• Thanks Marion. You bring up an excellent point alluded to in the entry. Recently, in terms of the “Baby Veronica” case, and generally speaking, much discussion is given to parents being there “from day one”; or the ability of parents to “be there” in a child’s life. The heinous “baby wanted” web sites all pay a lot of lip service to the “amount of time” that will be spent with the child. This begs rebuttal. First, a staff of ten people taking care of a child dilutes such attention in no small way. Second, such attention to the children in the care of those who “have” comes at the expense of those who “have not”, setting up the very conditions that allow for adoption in the first place. Finally, the absence of “communal care” (despite ridiculous books from former First Ladies) cannot hide behind the privatized version of it, as represented by this woman and her failed attempts to raise a child. I remember really feeling sorry for her at the time. And I wonder what the boy (young man) is up to….

  3. Eagoodlife, How will we end it? we will end it when we are taught the joy of parenting as part of the educational curriculum, and, when we realise our children are a living treasure, and, a gift to the world, and, when
    we DUMP MATERIALISM, and enjoy the beauty of the world around us, the cultures and nations that enrich us, money cannot buy these treasures, they are priceless. Also we MUST ABOLISH ADOPTION, it is family devastation, family annihilation, when nations PUT THEIR CHILDREN above all else, and guard jealously family preservation ,whether in wedlock or out of wedlock, these building blocks are the bastions that are the greatest of a nations foundation.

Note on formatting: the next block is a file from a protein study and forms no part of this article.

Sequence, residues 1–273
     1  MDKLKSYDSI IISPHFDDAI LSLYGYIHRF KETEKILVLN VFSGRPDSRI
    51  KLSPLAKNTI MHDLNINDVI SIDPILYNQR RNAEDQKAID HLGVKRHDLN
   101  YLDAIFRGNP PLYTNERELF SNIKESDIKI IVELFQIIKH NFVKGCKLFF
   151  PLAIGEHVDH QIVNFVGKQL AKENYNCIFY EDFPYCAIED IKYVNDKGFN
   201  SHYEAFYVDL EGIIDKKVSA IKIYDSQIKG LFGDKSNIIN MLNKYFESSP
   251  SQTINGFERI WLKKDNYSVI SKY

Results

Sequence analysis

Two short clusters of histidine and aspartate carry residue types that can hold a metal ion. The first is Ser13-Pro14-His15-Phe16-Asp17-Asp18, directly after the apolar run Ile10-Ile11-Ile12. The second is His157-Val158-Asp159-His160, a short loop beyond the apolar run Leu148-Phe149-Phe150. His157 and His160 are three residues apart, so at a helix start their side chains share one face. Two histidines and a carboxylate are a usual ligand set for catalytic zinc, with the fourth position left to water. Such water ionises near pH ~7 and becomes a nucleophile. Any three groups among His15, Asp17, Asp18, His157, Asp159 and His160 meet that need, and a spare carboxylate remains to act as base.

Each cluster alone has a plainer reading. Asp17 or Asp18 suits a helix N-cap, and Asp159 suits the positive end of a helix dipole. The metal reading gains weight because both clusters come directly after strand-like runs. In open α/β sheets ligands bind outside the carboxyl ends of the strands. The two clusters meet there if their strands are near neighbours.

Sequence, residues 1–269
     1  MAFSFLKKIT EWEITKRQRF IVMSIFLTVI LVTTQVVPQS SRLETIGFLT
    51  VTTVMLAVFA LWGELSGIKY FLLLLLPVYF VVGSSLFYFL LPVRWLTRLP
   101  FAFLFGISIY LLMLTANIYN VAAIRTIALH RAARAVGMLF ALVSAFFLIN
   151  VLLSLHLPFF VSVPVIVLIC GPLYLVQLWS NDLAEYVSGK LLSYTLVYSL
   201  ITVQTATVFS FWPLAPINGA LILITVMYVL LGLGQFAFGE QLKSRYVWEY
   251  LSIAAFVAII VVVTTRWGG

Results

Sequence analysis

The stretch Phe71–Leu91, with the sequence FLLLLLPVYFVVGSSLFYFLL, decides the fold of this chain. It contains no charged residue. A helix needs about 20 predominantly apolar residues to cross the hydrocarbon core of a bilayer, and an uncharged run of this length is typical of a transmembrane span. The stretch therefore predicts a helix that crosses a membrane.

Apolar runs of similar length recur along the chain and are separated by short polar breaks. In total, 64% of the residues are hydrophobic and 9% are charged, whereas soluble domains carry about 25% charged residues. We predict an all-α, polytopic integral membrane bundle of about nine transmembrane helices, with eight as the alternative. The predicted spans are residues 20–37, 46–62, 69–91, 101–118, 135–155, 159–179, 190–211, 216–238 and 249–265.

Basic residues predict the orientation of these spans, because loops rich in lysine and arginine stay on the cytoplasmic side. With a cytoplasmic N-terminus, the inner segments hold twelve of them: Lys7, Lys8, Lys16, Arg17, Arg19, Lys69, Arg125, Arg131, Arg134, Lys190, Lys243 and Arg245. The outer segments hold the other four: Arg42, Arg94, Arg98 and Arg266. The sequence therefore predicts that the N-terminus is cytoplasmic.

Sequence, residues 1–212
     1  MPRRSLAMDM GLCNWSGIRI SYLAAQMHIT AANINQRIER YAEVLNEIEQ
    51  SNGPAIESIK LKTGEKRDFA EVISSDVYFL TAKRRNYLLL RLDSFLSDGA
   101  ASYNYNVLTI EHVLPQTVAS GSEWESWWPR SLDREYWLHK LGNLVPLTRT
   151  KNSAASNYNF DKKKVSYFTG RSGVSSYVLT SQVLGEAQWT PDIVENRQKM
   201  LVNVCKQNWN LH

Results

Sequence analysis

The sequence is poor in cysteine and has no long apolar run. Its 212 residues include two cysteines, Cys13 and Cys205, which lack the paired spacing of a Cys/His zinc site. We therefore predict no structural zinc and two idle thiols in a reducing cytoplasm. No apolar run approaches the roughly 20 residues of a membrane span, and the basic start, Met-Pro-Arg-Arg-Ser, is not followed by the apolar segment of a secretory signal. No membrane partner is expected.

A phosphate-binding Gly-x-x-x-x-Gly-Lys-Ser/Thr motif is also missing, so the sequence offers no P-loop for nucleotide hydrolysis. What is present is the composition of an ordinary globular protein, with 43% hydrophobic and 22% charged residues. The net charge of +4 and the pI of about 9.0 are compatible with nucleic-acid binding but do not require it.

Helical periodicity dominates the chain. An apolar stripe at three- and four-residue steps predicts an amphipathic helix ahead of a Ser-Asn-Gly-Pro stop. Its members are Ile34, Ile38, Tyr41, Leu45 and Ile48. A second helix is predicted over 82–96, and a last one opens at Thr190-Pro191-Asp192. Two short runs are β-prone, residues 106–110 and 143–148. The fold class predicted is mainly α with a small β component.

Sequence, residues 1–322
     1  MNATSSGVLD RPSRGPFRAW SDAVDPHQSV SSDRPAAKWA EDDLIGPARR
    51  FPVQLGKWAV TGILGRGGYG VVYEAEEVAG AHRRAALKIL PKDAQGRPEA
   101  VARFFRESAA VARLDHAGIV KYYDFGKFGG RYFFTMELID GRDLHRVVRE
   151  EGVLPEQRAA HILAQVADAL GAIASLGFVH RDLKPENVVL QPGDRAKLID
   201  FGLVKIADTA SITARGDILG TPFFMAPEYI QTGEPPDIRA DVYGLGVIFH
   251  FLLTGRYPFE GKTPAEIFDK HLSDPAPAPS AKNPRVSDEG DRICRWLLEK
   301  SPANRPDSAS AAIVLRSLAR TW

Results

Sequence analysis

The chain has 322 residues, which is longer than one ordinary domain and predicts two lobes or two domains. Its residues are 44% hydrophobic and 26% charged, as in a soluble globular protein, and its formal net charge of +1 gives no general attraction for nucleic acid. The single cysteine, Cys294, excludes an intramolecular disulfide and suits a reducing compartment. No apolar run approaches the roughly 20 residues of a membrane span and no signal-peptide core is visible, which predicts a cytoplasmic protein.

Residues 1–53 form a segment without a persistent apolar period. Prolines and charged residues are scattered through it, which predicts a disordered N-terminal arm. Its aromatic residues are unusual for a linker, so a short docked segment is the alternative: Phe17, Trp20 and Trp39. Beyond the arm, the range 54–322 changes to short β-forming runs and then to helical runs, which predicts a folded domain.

4. Daniel, Of course you would feel sorry for her, my apologies if I sounded harsh, but what you witnessed is the harsh reality of this fast materialistic world, that has not found yet that the greatest INVESTMENT for a nation, is to HONOUR MOTHERHOOD and invest in such. This poor woman, has her life ordered for her, her time taken from her, and her time is limited in investing in her family, the fruits of this materialism is RICHES, LIFE STYLE, which takes precedence to the rich joy of family, being valued. ….BOY O’ Boy do I get such fierce harsh criticism for speaking like I do, in todays equal opportunity, politically correct world, but you know what,( I WAS BUILT ON THE CLYDE) meaning that on the river Clyde, the worlds greatest and most robust ships were built, and can take any storm, in the worst of the seas, loosing your precious first baby to adoption makes you as hard as tungsten, and you would fight Goliath, as NOTHING matters anymore, because adoption has destroyed who you were, you don this mantle, a tragic persona forms, you fight with the world on a daily basis, an inbuilt internal lion is who you become, you even fight with your shadow, the PAIN eternal pain fuels this persona. When my youngest was 16, I went back to college, and my life skills became my profession, I am a N.N.E.B.S.(National Nanny Educational Board of Scotland.) with a diploma in pre-five child-care and education, in other words I am a State Registered Nursery Nurse, I spent 15 years working solely with teenage mums, registered alcoholic mums/substance abuse mums, and NEVER had one single adoption, I still see my mums and their adult children today, MONEY could not buy what I experienced, my skills I passed onto this generation, that had no family network support at their time of crisis. I have, the JOY sheer JOY of meeting occasionally my mums and their adult children, FAMILY PRESERVATION prevailed. When these mums were in crisis, government funding meant I provided wrap around care, ie; /parenting skills/budgeting skills/ domestic skills, and ALL my mums are now passing this onto their children, these mums have had a service provided that should be spread out across the world.

  5. just a mom... says:

    For such boys their only hope is to go to war one day…. And war is their only chance to get that ‘sense of incredible closeness’….of “brotherhood”…That’s what war feels like. To thém, that is. The very best they’ll ever know.